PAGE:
Sunday, March 8, 2015

Anomalously Warm Caribbean May Foreshadow Severe Weather Season

The current state of the Caribbean waters into the southern Gulf of Mexico could foretell our upcoming severe weather season.

The above image shows sea surface temperature anomalies over the Gulf of Mexico, Caribbean, and southern Atlantic for early March. In this image, we notice a generally average to slightly warmer than average trend for the Caribbean waters, with spots of even warmer waters. Temperatures in the Gulf of Mexico are running above-normal to well-above-normal, particularly south of Louisiana.

As was stated by Storm Prediction Center forecaster Rich Thompson in his Tornado Forecasting Workshop sessions, a more plentiful severe weather season could be in store if you begin with a moist environment down in the Caribbean during the winter months, which can then transfer into the Gulf of Mexico for spring, to provide for a rich moisture source. Going solely by that, we're in a good position for a pre-established moisture source to kick off the severe weather season, best shown by the warm water temperatures from the Gulf Coast straight down to South America. It isn't the warmest water temperature swath we've ever seen, but it's notable.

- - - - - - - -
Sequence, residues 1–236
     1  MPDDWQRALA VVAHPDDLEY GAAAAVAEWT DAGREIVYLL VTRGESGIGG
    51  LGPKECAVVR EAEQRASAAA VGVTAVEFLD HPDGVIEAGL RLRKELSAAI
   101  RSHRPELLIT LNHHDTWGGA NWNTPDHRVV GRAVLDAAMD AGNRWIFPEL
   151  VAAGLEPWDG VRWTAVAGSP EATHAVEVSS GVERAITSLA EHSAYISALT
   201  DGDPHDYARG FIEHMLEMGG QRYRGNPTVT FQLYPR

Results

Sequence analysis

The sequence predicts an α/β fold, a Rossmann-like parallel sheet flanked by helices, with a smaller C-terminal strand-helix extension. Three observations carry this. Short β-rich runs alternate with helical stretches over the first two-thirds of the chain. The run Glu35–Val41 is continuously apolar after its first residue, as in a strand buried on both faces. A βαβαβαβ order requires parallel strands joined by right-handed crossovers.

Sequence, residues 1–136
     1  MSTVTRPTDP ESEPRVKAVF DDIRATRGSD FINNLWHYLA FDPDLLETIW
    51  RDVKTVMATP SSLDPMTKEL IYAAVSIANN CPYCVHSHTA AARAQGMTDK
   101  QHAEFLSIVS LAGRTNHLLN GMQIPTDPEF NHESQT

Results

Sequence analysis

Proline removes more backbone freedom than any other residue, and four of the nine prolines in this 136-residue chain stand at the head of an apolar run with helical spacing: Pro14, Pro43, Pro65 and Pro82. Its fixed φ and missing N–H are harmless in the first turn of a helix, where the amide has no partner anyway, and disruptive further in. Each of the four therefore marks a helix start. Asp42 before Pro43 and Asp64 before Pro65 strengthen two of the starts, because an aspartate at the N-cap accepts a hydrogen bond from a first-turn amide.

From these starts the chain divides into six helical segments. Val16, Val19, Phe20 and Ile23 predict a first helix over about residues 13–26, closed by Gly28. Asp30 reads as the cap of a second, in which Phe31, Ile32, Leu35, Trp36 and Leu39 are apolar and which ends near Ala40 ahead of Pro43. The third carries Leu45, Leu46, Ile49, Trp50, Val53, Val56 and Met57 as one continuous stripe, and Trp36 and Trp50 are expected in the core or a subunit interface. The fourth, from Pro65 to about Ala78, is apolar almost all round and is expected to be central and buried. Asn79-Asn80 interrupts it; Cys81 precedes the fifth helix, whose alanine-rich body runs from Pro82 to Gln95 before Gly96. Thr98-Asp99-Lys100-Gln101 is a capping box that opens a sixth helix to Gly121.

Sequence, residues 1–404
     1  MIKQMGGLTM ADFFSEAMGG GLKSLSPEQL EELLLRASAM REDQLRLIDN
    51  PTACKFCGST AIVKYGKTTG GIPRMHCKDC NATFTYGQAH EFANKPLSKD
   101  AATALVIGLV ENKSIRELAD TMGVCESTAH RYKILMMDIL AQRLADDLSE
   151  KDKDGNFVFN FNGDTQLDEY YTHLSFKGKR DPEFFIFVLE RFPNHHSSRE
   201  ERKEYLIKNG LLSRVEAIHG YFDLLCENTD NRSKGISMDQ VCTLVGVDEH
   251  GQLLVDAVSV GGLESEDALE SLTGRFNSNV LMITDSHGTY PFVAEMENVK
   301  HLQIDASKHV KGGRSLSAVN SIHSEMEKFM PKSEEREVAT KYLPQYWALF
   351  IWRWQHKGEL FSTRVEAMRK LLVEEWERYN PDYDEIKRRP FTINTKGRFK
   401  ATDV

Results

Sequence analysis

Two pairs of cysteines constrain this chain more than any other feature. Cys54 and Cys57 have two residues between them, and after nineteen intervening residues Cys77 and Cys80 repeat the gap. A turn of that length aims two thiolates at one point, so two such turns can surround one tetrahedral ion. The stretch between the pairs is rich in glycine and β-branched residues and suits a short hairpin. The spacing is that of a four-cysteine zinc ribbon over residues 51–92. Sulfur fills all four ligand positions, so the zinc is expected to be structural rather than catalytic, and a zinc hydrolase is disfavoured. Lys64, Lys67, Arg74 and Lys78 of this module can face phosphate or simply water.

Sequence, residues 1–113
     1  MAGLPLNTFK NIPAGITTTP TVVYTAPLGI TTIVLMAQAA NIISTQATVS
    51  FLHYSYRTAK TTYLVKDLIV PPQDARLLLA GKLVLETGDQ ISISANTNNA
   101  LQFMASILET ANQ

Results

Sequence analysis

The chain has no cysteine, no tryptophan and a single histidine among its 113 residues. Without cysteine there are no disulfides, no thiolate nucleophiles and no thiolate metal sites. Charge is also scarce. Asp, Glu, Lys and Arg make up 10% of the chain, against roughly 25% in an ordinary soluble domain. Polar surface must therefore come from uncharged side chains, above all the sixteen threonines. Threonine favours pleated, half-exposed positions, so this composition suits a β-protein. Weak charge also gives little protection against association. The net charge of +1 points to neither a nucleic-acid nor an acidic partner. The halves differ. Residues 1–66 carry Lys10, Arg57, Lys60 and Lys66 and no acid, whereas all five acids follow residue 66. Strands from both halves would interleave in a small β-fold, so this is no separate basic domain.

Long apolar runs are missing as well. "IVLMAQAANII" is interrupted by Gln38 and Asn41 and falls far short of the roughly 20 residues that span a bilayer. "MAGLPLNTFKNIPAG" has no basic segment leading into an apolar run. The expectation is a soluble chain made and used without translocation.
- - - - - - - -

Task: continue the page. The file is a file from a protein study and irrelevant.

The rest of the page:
Also an interesting feature is the rock-steady pool of well above-normal water temperatures in the northeast Pacific and Gulf of Alaska. If this can stay in place for the spring season, and we're able to maintain cyclogenesis in the North Pacific to carry storms into North America, it's possible we see a northwest flow-dominated severe weather season, which can feature intense events in the Midwest, Great Lakes, Ohio Valley, and Mid-Atlantic.

I'll have much more on this in my 2015 Severe Weather Season Outlook on Wednesday, March 18th.

To summarize:

- A warm Caribbean and Gulf of Mexico may be setting the stage for at least an average severe weather season.
- SST patterns off the West Coast could also allow for a severe weather focus in the North-Central and Northeast US.
- All of this will be re-evaluated in the severe weather seasonal outlook on March 18.